• @H-Man: Your last paragraph, simply must include the question and mystery of God’s electing grace, as our brother JW has pointed out! Perhaps we have not really included this posit, from the doctrine of God? Note, I am myself not an evidentialist, but a certain biblical presuppositionalist! I can only be on certain ground there! God’s grace is certainly not the same for the elect believer, verses the “non Christian”!

    • H-man

      Fr. Robert (Anglican, semi-retired, chaplain, biblical presuppositionalist and elect believer I suppose?)

      Interesting spin, but are we getting closer? 🙂

      Concept of election is “funny” (as in hard to understand why it’s left out in so many places in scripture). I suppose John 3:16 need to be revised, or should read more like:

      For God so loved the world that he gave his one and only Son, that whoever believes in him, prior to having been elected of course, shall not perish but have eternal life.

      H-man (uncertain sinner)

    • H-man: Btw, our blog host, Michael is also a “Calvinist”! But surely we cannot really understand the grace of God without the doctrine of God, and in my biblical/theological belief, in that doctrine God is always Sovereign! And yet, in this place God is always a certain mystery too. But, I will always as Augustine, and then too the Reformers, Luther, Calvin, etc. stand in this biblical tension!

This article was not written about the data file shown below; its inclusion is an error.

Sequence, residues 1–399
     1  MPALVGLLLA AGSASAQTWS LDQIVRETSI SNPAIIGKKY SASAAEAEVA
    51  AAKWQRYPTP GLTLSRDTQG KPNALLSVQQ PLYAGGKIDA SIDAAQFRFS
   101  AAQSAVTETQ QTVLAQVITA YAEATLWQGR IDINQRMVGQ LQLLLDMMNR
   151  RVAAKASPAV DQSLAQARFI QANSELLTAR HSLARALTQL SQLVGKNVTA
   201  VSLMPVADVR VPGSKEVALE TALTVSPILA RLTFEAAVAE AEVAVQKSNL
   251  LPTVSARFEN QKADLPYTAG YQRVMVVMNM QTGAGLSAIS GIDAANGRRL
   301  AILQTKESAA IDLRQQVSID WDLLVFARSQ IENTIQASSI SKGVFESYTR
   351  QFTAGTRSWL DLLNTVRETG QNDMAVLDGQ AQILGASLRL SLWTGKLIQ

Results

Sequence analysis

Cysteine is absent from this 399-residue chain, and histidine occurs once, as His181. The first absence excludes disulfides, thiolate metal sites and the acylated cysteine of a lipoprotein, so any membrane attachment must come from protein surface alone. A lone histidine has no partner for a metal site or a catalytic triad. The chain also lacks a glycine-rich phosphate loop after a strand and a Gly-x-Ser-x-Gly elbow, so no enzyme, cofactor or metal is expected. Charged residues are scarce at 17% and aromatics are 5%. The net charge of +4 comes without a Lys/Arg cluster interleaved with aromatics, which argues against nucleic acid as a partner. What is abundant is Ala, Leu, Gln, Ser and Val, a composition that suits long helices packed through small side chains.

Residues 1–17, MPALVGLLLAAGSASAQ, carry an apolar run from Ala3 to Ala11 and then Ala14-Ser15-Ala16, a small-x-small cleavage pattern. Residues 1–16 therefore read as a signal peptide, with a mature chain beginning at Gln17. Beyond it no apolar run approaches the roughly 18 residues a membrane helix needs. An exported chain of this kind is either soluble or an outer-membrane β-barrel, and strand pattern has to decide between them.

No uncertain sinner here! Btw, I did my Th.D. (back in the mid 90’s) on Romans studies, and especially Romans chapter 7. And I took the classic Reformational-Reformed position.

      Btw, I am 62, 3 this late Oct. Yeah I am gett’in older! So I have covered some ground in my life. ‘In Christ’ by the grace of God for well over 40 years…thanks be to God!

    • JFDU

      Fr. Rob,

      What you’re telling me in essence is that an unrepentant and practicing adulterer can have Jesus AND his mistress and march into heaven undeterred. So repentance is optional. Troublesome thought indeed.

      Where does the imperative to “strive for…holiness without which no one will see the Lord” (Heb 12:14) go then? Strive for “to pursue with malignity” Gk (deeohkehthe) διώκετε. Same Greek word as “persecute” which would denote active intensity of pursuit rather than a passive submission to an ethereal concept.

      I’m no theologian, but it can’t be possibly referring to imputed holiness in a vicarious sense (through Christ) as the imperative is directed at us (2nd plural present active imperative).

      Or…let’s move away from the sleazy adulterer and use the scenario of someone refusing to forgive others. What is your understanding of “if you do not forgive others their trespasses, neither will your Father forgive your trespasses” (Matt 6:15). Why would he not forgive your trespasses if you’re already forgiven once and for all on the cross?


    • @John, Check out King David, adulterer & murderer! But, repentant certainly…Ps. 51 and too Ps. 32. I never said no repentance, but when one is in some place of emotional and mental stupor, we cannot make moral judgments completely. This was my point, note again I pastor people, and I see this all the time, even with confessing Christians.

      And this blog post question did not start out as “theological” question, but more of a suppositional question. So we cannot really get to this theologically it appears? The weakness sometimes of the blog, but we cannot solve such issues here certainly, but just dialogue somewhat.